Wednesday, February 2, 2011

We Have an Open Door Policy – SSHFC MD

The Social Security and Housing Finance Corporation (SSHFC) Thursday 27 January2011 held a one day sensitisation workshop on SSHFC schemes for the media at the corporation’s headquarters. This is the beginning of a series of workshops to be embarked upon by the corporation to keep the general public better informed of the various schemes on offer.
Declaring the workshop open, the newly reinstated managing director, Mr. Tumbul Danso, epitomised the relationship between his institution and the media as symbiotic in nature. “If anything we need the press in our information dissemination campaigns. Currently we are engaged in three housing projects, the Tujereng, Jabang and Brikama Jamisa projects. We have an open door policy and so the public is always encouraged to meet us and raise their concerns,” Mr. Danso told the gathering.
According to the managing director, SSHFC was established in 1982 by an Act of Parliament with housing and social security fund components. The social security fund comprises three schemes, the National Provident Fund (NPF), the Federated Pension Scheme (FPS) and the Industrial Injuries Compensation Fund (IICF).
Deliberating on the success story of the corporation since its inception, Mr. Danso said that going by the  past budget speeches, the institution has made over Ninety-seven dalasis surplus qualifying them for a three month bonus payment as this is paid based on good performance. As a result the corporation was promoted from a third to a first class institution. “People from other countries have been coming here to learn from our experience. If other countries can do it, we can do it too,” Mr. Danso concluded.
The Federated Pension Scheme, according to Raymond Njie, senior public relations manager, took off the ground in 1983.  He  said this scheme until recently is only meant for Parastatals institutions such as the Gambia Ports Authority(GPA) and Gambia Telecommunications Company(GAMTEL) whereas the National Provident Fund(NPF) only affects private institutions. Sonko Jileng, a private business institution has however now opted for the latter. The main differences between the two are that employers are the only contributors of 15 percent of the employee’s salary to the scheme as opposed to the National Provident Fund where both the employer and employee make a monthly contribution of 15 and 5 percent respectively of the employee’s salary.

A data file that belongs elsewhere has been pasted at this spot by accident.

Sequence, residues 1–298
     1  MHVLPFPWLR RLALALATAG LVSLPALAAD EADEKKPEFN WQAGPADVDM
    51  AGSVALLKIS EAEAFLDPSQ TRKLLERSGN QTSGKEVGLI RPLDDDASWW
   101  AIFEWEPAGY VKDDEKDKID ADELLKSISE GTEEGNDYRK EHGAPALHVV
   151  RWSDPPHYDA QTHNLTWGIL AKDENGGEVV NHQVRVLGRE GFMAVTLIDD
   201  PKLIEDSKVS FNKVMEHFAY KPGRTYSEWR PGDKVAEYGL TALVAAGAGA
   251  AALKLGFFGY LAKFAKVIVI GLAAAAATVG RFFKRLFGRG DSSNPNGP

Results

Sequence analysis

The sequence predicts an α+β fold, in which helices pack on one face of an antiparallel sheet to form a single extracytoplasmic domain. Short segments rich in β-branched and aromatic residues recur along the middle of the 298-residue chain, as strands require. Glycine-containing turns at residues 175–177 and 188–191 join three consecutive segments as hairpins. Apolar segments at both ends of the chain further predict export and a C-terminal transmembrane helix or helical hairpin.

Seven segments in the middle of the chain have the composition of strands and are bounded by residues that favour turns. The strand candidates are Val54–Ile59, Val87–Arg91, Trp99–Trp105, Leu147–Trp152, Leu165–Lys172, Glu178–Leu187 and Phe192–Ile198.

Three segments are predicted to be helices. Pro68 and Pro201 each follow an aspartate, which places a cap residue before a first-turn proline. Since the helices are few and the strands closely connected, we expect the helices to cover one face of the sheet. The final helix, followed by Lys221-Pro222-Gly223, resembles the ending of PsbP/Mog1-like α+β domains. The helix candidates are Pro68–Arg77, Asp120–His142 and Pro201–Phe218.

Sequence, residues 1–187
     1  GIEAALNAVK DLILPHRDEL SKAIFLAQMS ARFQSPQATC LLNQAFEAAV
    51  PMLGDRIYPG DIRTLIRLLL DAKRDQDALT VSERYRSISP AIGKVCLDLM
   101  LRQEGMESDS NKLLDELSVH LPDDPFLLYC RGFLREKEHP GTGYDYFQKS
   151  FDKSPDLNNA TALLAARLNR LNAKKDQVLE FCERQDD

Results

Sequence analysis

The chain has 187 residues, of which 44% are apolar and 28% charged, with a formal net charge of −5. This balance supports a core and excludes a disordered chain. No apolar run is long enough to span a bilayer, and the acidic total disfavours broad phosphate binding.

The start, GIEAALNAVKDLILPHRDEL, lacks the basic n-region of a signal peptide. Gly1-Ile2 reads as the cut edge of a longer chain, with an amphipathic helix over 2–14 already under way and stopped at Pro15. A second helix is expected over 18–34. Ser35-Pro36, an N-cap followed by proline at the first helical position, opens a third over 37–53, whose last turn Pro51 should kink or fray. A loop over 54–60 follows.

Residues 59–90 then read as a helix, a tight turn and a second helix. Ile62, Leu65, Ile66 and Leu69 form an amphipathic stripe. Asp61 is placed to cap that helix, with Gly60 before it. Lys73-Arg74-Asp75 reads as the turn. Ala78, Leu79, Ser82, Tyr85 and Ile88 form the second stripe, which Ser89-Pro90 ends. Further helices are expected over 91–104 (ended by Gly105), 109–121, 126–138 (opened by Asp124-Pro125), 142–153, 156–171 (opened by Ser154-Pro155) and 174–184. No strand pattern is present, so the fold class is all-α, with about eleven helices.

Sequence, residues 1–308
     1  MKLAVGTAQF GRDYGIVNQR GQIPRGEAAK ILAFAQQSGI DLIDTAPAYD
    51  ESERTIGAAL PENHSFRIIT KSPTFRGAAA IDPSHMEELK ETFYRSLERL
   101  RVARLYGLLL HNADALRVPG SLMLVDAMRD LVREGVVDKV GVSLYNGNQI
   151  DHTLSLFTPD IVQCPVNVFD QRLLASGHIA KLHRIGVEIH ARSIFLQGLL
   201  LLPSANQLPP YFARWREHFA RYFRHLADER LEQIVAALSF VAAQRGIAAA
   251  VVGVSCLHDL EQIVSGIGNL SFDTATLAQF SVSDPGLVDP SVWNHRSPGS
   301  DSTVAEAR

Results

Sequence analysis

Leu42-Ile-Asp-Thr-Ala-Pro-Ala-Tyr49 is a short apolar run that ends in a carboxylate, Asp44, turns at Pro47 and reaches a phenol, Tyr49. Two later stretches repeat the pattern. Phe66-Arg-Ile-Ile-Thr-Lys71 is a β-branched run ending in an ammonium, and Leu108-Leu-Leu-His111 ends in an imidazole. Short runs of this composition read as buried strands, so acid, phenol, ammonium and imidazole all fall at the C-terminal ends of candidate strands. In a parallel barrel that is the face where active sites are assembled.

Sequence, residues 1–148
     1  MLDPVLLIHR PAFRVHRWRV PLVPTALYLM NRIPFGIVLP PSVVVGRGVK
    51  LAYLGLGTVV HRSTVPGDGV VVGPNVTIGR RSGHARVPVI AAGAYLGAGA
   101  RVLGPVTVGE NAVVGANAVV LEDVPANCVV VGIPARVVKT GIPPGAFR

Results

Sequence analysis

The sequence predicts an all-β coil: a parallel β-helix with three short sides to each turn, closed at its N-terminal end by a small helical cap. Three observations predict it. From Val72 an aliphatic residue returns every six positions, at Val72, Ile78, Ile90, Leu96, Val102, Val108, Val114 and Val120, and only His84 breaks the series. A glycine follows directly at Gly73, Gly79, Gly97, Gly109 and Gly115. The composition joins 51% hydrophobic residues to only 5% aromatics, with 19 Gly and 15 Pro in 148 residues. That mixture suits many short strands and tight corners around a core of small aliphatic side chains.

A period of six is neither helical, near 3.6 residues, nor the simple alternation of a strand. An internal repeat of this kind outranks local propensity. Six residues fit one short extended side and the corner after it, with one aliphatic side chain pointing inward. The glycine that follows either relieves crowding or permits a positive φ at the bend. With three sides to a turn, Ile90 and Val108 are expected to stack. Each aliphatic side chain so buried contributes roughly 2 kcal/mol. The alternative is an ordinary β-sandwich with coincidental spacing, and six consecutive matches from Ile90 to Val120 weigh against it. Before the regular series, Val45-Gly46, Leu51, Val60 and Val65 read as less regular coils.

The public relations manager of SSHFC, Mr Ebrima Dampha in giving an overview of the significance of the IICF expressed his disappointment with employers who fail to register with the fund. “It is as simple as coming to our office, pick up a form and fill and send it back to us. We go and meet employers in their offices only to tell us that they would get back to us, a promise they would invariably not keep,” Daphna said.  He said the timely reporting of accidents cannot be overemphasized.  He said such accidents do not only include those that happen during working hours but also any accident that occurs two hours before or two hours after work.
Presenting a paper on the housing fund, the estate manager, Alhagie Fatty, traced the origin of the fund to the coming into being of the Bakoteh Housing Estate. “Contrary to public perception we are what we are today thanks to the funds we were able to accrue from the Bakoteh project and our partnership with Shelter Afric based in Kenya.” He said the Kanifing Estate was the first project conceived by the housing fund but unlike the Bakoteh project the Kanifing, Brusubi and subsequent projects are site and service infrastructural development oriented.
The occasion was chaired by Mr. Sulayman Nyass, assistant public relations manager, who also gave the closing remarks while Momodou Edrissa Njie from the News and Report Magazine gave the vote of thanks.

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